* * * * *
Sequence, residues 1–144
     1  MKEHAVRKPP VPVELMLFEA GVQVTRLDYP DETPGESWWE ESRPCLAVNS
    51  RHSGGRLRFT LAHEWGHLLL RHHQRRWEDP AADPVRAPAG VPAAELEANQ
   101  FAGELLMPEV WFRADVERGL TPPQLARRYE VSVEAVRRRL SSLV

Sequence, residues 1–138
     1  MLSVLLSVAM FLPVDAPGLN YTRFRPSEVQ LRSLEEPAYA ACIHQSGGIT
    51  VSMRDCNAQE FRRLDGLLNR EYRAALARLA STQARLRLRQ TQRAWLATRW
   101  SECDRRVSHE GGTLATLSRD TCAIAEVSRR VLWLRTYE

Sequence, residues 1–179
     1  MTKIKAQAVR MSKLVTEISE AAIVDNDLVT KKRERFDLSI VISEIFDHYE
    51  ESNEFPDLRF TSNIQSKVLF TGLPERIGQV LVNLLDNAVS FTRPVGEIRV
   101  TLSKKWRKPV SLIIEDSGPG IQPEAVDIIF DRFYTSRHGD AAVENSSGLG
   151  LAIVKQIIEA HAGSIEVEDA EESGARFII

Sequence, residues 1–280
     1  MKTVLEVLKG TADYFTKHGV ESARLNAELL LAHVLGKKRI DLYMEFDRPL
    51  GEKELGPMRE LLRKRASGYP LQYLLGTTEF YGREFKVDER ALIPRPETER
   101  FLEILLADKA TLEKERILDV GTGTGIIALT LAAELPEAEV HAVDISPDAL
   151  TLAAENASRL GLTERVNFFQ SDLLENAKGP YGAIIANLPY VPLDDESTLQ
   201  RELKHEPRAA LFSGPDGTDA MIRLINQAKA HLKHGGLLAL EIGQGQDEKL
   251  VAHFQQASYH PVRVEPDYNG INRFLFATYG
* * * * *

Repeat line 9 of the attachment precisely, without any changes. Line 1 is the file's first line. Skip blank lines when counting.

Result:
Sequence, residues 1–179